Fatherhood Adventures

As a parent, you have to be able to laugh at yourself. I know I sure do, more often than I should probably admit.

A recent case in point was last weekend at the annual Pork in the Park event, which we figured we would try out after years of hearing about it.

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After getting a bite to eat and working our way through the stroller-infested crowds, we came upon the amusement rides. We had heard beforehand there would be some so-called “kiddie rides” on hand, and we were curious what exactly constituted that.

After looking over the offerings, there was one particular ride that my wife thought she and Beckett could ride together but I was not so sure. It was a slow carousel-type ride featuring double-occupancy motorcycles doing slight wheelies along minor inclines. We watched it go around a few times, and she gave me a ‘what do you think?’ look.

I turned to her with a “what are you out of your mind?” look, saying, “that’s way too wild and fast for him.” I went to turn away with the stroller when I realized how dumb and over-protective I was being. We had a good laugh over that amidst all these strangers.

I realized at the time how ridiculous that was, considering the size and scope of this puny ride, but there was not going to be any changing of my mind. I was too scared to let him ride it. I understood it was crazy to think, but at the same time powerless to change how I felt.

It goes without saying that I am having a little bit of a tough time letting my son experience new things, especially things that may or may not cause him harm. I want the world for him and hope he enjoys and embraces everything that comes his way. However, it’s all coming so fast and I am reluctant to jump on board the growing up train, which is already overwhelming me.

A few weeks back, I had a similar moment over that Radio Flyer car that I detailed here. I figured he was way too small to be able to safely ride in it. My wife felt strongly otherwise. I went about putting it together, with the motivation I would be right that there’s no way he was ready for this thing, only to find out I was embarrassingly wrong. He loves the thing and gets extremely excited when we place him in it.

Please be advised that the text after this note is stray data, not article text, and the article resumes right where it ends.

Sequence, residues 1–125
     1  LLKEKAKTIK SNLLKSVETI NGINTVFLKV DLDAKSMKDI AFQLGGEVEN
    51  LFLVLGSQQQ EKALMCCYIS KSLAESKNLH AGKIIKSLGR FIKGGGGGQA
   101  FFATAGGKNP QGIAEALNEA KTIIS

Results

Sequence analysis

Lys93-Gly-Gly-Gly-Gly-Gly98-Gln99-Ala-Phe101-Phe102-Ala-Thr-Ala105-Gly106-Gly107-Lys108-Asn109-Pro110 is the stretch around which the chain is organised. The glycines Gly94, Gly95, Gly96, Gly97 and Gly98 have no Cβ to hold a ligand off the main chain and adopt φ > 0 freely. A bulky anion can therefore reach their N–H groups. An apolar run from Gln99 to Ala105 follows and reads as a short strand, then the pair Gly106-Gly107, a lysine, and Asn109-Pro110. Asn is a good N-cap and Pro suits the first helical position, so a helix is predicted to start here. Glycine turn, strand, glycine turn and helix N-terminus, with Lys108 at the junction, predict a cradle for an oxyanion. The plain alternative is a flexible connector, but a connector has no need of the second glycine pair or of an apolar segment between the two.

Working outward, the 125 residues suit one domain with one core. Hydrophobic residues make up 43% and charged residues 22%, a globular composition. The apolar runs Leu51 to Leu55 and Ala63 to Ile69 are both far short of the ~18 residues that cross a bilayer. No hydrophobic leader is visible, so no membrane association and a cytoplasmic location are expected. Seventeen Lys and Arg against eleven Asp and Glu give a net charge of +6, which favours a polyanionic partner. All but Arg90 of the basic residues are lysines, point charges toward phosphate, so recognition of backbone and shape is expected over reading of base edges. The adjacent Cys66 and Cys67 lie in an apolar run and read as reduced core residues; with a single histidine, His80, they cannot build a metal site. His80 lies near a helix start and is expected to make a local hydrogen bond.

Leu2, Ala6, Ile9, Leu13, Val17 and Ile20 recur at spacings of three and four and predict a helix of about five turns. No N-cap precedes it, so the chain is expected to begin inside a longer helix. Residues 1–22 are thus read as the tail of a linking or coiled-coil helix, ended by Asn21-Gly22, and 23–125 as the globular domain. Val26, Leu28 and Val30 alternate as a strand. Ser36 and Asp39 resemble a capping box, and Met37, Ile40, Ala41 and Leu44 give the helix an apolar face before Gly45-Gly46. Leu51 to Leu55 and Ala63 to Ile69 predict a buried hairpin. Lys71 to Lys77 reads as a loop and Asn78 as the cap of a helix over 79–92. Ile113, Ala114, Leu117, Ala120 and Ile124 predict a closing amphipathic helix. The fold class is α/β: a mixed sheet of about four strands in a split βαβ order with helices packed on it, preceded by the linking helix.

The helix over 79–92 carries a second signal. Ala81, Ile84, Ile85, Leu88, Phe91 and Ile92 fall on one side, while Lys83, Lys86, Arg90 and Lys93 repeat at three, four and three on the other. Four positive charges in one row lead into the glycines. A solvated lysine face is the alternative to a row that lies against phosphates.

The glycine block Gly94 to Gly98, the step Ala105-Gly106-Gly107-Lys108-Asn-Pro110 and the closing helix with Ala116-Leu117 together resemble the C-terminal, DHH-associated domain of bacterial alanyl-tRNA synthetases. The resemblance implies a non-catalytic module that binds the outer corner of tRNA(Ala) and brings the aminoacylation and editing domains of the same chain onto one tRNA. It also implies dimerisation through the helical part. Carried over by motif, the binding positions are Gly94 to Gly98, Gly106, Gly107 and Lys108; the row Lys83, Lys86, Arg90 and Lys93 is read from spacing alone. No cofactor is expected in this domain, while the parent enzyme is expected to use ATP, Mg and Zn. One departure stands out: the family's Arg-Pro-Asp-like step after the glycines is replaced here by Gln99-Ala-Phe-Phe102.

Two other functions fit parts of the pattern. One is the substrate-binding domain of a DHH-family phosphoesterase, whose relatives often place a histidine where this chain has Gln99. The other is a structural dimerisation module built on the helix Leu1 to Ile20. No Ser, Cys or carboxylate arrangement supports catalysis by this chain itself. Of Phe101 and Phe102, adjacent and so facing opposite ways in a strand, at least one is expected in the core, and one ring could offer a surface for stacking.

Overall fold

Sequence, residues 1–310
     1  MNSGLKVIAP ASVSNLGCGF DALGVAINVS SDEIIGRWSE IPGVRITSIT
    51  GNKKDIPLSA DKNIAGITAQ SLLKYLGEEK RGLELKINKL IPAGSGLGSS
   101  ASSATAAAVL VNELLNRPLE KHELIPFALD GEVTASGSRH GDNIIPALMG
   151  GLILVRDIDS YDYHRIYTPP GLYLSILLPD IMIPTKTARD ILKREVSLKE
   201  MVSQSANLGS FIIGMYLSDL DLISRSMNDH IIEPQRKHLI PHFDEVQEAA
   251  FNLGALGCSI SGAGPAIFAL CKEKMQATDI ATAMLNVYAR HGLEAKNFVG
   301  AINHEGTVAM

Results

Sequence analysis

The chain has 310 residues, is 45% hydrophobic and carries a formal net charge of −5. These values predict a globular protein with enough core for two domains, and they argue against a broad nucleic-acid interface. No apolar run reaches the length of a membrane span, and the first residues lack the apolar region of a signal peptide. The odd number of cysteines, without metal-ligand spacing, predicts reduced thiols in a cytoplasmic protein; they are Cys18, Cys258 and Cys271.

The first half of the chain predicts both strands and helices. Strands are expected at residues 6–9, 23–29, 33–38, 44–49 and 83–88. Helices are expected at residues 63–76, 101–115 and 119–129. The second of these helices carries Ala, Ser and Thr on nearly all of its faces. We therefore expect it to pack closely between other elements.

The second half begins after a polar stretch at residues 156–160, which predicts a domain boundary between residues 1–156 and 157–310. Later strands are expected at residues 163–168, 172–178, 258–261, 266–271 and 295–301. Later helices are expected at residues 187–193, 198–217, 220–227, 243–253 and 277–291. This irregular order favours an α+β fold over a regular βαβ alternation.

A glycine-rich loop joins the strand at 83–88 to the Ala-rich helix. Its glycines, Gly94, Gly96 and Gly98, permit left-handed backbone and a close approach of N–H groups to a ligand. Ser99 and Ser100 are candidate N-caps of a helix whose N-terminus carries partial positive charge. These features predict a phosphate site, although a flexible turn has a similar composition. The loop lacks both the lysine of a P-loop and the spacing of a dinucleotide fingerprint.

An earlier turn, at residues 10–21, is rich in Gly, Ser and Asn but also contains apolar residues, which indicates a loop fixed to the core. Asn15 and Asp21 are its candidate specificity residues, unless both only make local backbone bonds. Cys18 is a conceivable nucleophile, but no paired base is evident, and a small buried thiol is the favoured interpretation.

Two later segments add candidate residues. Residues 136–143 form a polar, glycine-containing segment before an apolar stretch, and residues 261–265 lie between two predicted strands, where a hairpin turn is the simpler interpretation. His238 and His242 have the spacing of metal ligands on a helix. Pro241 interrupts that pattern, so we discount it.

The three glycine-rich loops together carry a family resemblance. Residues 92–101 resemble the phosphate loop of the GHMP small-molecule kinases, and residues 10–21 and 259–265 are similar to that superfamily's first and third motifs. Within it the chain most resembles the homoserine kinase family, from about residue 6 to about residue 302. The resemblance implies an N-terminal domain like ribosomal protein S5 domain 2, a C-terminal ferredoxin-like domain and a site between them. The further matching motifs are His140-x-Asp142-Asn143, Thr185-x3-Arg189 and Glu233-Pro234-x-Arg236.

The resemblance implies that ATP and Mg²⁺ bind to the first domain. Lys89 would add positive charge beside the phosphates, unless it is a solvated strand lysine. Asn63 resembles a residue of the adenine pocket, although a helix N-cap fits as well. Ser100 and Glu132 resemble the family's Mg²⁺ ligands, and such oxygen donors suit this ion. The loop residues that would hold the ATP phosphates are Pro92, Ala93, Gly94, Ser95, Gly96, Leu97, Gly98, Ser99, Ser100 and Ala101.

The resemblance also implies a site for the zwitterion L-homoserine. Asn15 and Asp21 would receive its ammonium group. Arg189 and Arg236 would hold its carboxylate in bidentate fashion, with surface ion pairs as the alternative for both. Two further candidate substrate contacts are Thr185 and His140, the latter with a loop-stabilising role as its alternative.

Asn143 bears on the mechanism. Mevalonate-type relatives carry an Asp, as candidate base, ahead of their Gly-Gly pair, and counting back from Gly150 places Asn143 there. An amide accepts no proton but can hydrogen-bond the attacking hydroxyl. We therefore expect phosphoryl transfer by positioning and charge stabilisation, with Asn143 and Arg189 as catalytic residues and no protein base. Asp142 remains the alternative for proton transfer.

As this parenthood adventure moves from one phase to the next, I am discovering all too well how parents equal each other out, and I am grateful for it. In my mind, it’s a unique blessing because together we provide a much-needed balance. In our case, generally speaking, what I am apprehensive about my wife is not, and what causes her some angst does not bother me.

For example, my wife continues to struggle with what he eats. She is concerned over a macaroni noodle or piece of fruit being too large out of fear our son will choke, but I have no problem offering him a bite of my burger. I think he can handle the food, but my wife is more hesitant.

She is frightened he’s going to hurt himself when he falls on his butt while standing. She loves taking him to the park to swing, but she wants to have a hand on him at all times to make sure he does not lean too far forward or too far back.

Of course, in all fairness, she’s not the only one with the issues when it comes to our son.

While at Dick’s Sporting Goods the other day, I started getting sick to my stomach while we were looking at some enclosed toddler trailers that attach directly to the back of the bike. Fortunately, they do not recommend those for kids under one year of age. The thing is I can only use that excuse for three more weeks.

In general, it seems the mundane things cause my wife’s heartburn, while the unexpected things send me into overprotection mode. The common denominator could be fear of the unknown and is most definitely an overwhelming will to protect.

On the matters my wife can be neurotic about, I am more rational. Conversely, where I am unreasonable and borderline crazy, she keeps me grounded. This balance works well for us, and we find comfort in knowing we can laugh at ourselves.

All this, I feel, is understandable. If we are blessed enough to have another little one in our house some day, it may be a bit different. Everything is so new and unique with the first. That innate sense to shield and shelter dominates everything, and I understand well that I need to relax a little.

Friends who have multiple kids tell us all that apprehension subsides when you expand your family. That “been there, done that” thing takes over, and experience guides your instincts and judgment. We are told what concerned you with the first child would not the second time around because you understand they are not as fragile as originally thought. We hope to see if that rings true for us.

Days later, I still can’t help but feel silly over my exaggeration over that so-called “kiddie ride” (roller coaster of sorts) last weekend. What’s funny and odd is I do not regret it. Although I realize the ride was extremely slow and watched as the kids, all considerably older than Beckett, for the record, seemed more bored than excited, I was powerless to think otherwise. There was no way I was letting my 11-month-old get on that ride, even if it was with his mom. It was not happening, at least on that day. In my mind, he was not ready. Or maybe that’s just my excuse for the truth – I was not ready.

About The Author: Steven Green

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The writer has been with The Dispatch in various capacities since 1995, including serving as editor and publisher since 2004. His previous titles were managing editor, staff writer, sports editor, sales account manager and copy editor. Growing up in Salisbury before moving to Berlin, Green graduated from Worcester Preparatory School in 1993 and graduated from Loyola University Baltimore in 1997 with degrees in Communications (journalism concentration) and Political Science.